Bathing and spa products produced by the ethnic Dao minority on sale at the Sapa Green Hotel in Sapa Town, Lao Cai. Photo credit: Leona Liu/UN-REDD Programme
Running the “green goldmine” successfully – further necessary steps
Lo Lo May, who has become a deputy leader of their cooperative group, is happy with the commitment the companies have made to pay a fair price for their products. And she adds that she also enjoys patrolling the forest.
The groundwork has been laid and the era of forest destruction looks to be behind them, at least for the moment. But sustaining this win-win formula will require further investments and innovation. So far, training has been directed particularly at strengthening planning and management capacities. While such capacities are important, cooperatives need to be sufficiently versed and skilled, as well as empowered, to negotiate with other stakeholders to strengthen their rights to land and resources.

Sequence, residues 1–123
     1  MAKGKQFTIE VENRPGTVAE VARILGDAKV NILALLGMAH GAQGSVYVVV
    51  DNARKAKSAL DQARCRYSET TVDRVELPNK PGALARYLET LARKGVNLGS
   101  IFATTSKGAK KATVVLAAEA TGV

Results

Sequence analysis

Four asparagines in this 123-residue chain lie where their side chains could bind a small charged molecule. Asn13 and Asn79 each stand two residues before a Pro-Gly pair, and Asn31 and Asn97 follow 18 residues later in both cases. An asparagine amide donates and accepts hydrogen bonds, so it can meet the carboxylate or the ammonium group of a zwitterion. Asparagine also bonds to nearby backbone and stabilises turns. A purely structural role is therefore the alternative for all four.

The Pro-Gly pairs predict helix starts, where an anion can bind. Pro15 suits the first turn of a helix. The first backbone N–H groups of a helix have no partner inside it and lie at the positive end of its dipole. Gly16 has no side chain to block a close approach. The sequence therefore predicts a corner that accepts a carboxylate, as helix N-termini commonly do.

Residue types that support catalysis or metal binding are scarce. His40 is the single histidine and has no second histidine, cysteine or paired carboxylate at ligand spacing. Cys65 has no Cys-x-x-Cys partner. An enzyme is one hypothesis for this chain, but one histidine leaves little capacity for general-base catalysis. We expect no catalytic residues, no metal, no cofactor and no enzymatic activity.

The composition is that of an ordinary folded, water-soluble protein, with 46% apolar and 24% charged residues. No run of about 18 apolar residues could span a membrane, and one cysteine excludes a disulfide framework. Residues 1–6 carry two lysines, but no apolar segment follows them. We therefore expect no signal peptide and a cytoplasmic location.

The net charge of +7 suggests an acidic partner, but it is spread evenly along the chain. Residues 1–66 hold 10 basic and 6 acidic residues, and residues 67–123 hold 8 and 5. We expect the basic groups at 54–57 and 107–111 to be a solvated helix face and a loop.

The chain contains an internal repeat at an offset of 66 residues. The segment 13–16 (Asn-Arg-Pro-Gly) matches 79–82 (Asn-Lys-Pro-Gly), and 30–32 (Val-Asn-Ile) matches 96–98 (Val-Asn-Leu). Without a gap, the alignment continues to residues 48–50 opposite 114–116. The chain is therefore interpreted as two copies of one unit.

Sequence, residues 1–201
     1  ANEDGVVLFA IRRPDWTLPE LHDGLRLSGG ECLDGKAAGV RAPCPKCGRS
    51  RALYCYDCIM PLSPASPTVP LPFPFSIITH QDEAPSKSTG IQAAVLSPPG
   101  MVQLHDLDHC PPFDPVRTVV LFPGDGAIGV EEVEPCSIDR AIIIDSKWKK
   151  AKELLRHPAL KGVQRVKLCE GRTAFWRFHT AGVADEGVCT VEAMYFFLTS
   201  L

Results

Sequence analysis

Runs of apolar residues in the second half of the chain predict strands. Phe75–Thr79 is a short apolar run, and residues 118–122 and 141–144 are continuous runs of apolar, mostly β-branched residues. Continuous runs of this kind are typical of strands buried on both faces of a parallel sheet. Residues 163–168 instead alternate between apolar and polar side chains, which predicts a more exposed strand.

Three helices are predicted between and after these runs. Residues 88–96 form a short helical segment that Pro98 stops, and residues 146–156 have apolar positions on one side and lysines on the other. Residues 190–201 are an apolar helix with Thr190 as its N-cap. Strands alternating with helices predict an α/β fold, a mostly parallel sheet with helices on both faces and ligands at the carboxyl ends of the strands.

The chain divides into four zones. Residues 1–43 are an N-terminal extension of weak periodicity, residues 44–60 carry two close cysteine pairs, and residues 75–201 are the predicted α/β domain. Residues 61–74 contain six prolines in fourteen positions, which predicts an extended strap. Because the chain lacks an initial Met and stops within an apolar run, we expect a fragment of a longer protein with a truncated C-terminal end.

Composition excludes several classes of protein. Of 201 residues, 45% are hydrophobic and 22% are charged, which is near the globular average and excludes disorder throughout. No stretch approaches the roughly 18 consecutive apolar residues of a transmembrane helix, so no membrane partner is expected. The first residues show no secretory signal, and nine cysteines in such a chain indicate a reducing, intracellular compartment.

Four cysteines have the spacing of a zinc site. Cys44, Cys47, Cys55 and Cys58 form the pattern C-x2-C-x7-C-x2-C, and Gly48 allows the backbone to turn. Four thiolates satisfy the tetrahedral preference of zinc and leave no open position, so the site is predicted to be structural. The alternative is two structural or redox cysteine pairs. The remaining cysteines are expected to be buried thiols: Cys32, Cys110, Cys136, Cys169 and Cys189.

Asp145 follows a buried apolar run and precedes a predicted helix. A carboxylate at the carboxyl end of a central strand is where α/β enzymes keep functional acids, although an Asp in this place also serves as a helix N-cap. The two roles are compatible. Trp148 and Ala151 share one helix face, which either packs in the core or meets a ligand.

Finally, systematic monitoring and evaluation of the pilot in Tong Sanh commune is crucial, especially in view of the impacts on livelihood improvement, poverty reduction and broader environmental benefits that go beyond forest carbon. This should go in conjunction with the requirements under Decree No.: 59/2017/NĐ-CP “On the Management and Access to Genetic Resources and the Sharing of Benefits Arising from Their Utilization”. Without rigorous monitoring, no lessons will be learned and Viet Nam’s traditional medicine from the forest could be in danger of being lost for current, as well as future generations.
Employees at the Sapa Green factory turning the medicinal plants into bathing and spa products in Lao Cai province. Photo credit: Leona Liu/UN-REDD Programme